June 2016 Field Visit – Winter Textures at Willans Hill

Yesterday I went for a mosey up Willans Hill in Wagga Wagga.


It’s been very cold and wet recently, and yesterday was no exception – cold, cloudy and damp underfoot – so I wasn’t sure what I would see. As it turned out, I saw a lot of Red Wattlebirds (Anthochaera carunculata) feeding on White Box flowers (Eucalyptus albens).



Not much else was active in the patch I visited, so I decided to look more closely at the inactive lifeforms present. It turned into a bit of a study of the textures and colours found in a box-dominated woodland in winter.

Red Gum bark:







Mosses and lichens:







Borer holes:





Flowers and flower buds:







Fibrous bark:




New growth:




Other things that caught my eye:






4 thoughts on “June 2016 Field Visit – Winter Textures at Willans Hill

  1. A.M. Valenza June 30, 2016 / 10:52 pm

    I really like the Wattlebird, that’s a very serious face there. So everything’s sleeping where you are, huh? How cold does your area get usually? Compared to fall/winters where I am, as you’ve seen, that’s a lot of plant growth still. Although, barring subzero (farenheit) temperatures, we do get the mushrooms and some tenacious molds/fungi.

    *clicks tongue* Your lichens are so much prettier. Like little star-blooms!


    • riverinawildlife July 1, 2016 / 12:33 am

      I enjoy watching Wattlebirds, there’s a lot around at the moment, and they’re always fun to watch because they’re big, noisy and argumentative (which pretty much describes most Australian birds really). I had two fighting quite fiercely outside my window the other day – coincidentally while I was reading a book chapter about them and their relatives. My favourites are Friarbirds though, I’ll have to try and get some photos of a Friarbird – they look kind of ugly in photos, but I’ve always really liked them. (There’s some pics here: http://www.birdsinbackyards.net/species/Philemon-corniculatus)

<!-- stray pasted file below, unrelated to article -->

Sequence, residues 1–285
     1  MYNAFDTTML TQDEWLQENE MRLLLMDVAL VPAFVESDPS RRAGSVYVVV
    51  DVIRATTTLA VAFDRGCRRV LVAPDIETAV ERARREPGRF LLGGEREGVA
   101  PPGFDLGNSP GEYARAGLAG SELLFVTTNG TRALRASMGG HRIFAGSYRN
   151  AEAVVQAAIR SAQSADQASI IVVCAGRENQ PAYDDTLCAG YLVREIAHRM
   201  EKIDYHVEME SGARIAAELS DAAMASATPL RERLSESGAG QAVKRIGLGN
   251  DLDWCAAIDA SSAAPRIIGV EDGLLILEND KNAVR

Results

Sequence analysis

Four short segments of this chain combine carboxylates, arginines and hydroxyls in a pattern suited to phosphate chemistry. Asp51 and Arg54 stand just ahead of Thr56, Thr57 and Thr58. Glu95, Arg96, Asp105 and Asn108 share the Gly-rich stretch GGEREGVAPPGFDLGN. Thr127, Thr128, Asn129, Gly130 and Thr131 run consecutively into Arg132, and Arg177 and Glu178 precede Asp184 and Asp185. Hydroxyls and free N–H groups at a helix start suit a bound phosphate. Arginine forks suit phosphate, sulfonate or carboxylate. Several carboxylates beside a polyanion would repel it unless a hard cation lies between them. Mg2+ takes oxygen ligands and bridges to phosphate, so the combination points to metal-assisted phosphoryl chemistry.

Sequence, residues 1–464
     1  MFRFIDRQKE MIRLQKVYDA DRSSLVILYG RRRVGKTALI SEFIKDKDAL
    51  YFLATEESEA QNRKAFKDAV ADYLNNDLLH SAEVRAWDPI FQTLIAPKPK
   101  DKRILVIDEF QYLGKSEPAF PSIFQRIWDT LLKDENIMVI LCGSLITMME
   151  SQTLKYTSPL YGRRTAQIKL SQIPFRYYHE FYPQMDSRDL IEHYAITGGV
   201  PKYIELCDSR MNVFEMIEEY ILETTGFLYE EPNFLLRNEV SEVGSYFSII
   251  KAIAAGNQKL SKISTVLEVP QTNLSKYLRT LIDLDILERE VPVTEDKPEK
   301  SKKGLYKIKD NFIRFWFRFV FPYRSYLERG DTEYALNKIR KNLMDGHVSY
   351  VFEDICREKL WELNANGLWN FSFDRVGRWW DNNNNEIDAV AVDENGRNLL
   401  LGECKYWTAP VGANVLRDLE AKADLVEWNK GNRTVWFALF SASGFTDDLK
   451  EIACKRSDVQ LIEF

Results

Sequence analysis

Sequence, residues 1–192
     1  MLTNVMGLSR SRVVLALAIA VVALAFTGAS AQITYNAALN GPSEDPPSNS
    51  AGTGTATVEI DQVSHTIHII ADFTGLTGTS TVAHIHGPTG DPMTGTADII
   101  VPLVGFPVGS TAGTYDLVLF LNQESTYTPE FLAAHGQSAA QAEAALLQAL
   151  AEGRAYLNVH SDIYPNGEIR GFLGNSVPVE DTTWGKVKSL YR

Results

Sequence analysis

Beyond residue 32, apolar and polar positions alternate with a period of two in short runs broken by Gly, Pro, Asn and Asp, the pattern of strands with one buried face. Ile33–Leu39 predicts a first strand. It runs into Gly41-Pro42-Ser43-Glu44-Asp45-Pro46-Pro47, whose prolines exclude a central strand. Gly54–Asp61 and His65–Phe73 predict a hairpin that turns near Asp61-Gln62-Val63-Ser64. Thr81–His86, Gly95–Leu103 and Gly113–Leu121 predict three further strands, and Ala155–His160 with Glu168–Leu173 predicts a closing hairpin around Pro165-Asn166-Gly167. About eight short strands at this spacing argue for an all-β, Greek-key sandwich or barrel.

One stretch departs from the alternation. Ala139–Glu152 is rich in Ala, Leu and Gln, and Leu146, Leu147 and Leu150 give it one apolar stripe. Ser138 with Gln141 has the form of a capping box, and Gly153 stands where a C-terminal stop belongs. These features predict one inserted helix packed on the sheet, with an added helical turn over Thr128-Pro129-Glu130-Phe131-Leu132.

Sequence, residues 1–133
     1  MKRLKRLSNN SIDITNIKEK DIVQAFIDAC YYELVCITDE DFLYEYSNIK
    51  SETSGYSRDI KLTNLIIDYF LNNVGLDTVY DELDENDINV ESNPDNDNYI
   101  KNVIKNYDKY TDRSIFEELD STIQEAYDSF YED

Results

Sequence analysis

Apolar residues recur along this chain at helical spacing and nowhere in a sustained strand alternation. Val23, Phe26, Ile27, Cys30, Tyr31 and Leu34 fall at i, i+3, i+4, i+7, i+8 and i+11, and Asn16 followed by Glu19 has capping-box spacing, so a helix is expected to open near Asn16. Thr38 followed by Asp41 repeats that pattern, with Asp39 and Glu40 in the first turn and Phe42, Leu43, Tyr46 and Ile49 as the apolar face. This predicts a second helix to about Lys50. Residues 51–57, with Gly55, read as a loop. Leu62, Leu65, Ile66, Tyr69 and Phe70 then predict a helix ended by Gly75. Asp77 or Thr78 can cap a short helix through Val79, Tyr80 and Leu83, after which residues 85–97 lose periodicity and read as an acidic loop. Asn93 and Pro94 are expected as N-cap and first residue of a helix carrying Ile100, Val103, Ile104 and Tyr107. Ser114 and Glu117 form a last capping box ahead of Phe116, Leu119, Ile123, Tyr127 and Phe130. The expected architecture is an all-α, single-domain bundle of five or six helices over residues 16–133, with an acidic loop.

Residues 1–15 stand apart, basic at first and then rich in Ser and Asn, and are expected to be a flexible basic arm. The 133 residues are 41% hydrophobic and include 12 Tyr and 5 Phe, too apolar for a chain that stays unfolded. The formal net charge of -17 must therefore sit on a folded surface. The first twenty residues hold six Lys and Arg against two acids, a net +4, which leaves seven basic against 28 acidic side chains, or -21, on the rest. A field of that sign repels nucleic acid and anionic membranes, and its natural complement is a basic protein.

I wouldn’t say everything’s sleeping as such; insects, reptiles and microbats tend to hide away until it warms up, and plant growth slows up a bit, but we don’t get anywhere near as cold here as you get, and there’s always something flowering somewhere, and birds and kangaroos and things stay active all year, it’s just that on particularly cold and wet days everything likes to cuddle up and keep out of the cold as much as possible. Around here lately day temperatures have been up to 13-15 degree Celsius, and down between around 4 degrees and zero overnight. It can go a few degrees below zero overnight in the middle of winter, and we’re within a few hundred kilometres of the snowfields, so we get some quite chill winds coming through. In Fahrenheit it would be between the high fifties and low thirties I guess. By your standards that’s probably not cold at all, right? It’s definitely cold enough for me to go piling on the blankets at night though. And complaining about my drafty house to anyone who will sit still for long enough.

      I love looking at lichens and mosses up close, especially when they’ve had some water and are perking up after drying out in summer. It’s so easy to just walk past them and not notice, but they’re always really pretty and interesting up close, so I like to stop and have a look whenever I can.

      Liked by 1 person

      • A.M. Valenza July 1, 2016 / 3:41 am

        *laughing* My first thought at seeing the Friarbird was, “Uglh! It’s got the head of a vulture with the body of a pigeon!” *dies laughing* That is one awkward looking bird!

        Liked by 1 person

  2. riverinawildlife July 1, 2016 / 1:14 pm

    I have slowly come to realise that the vast majority of my favourite birds and animals (but birds in particular) are ones that look weird or ridiculous. Friarbirds look slightly less stupid and ugly in person, or maybe that’s just because I normally see them amongst vegetation and my eyesight is poor. 😛

    Liked by 1 person

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